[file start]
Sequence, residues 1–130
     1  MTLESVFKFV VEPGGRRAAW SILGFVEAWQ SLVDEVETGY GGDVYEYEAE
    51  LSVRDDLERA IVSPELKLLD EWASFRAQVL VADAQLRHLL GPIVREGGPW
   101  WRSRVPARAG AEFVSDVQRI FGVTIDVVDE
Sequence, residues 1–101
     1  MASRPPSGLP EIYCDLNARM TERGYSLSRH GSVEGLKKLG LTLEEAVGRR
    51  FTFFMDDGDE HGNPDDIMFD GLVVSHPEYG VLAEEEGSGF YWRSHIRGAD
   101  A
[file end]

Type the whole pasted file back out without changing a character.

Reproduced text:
Sequence, residues 1–130
     1  MTLESVFKFV VEPGGRRAAW SILGFVEAWQ SLVDEVETGY GGDVYEYEAE
    51  LSVRDDLERA IVSPELKLLD EWASFRAQVL VADAQLRHLL GPIVREGGPW
   101  WRSRVPARAG AEFVSDVQRI FGVTIDVVDE
Sequence, residues 1–101
     1  MASRPPSGLP EIYCDLNARM TERGYSLSRH GSVEGLKKLG LTLEEAVGRR
    51  FTFFMDDGDE HGNPDDIMFD GLVVSHPEYG VLAEEEGSGF YWRSHIRGAD
   101  A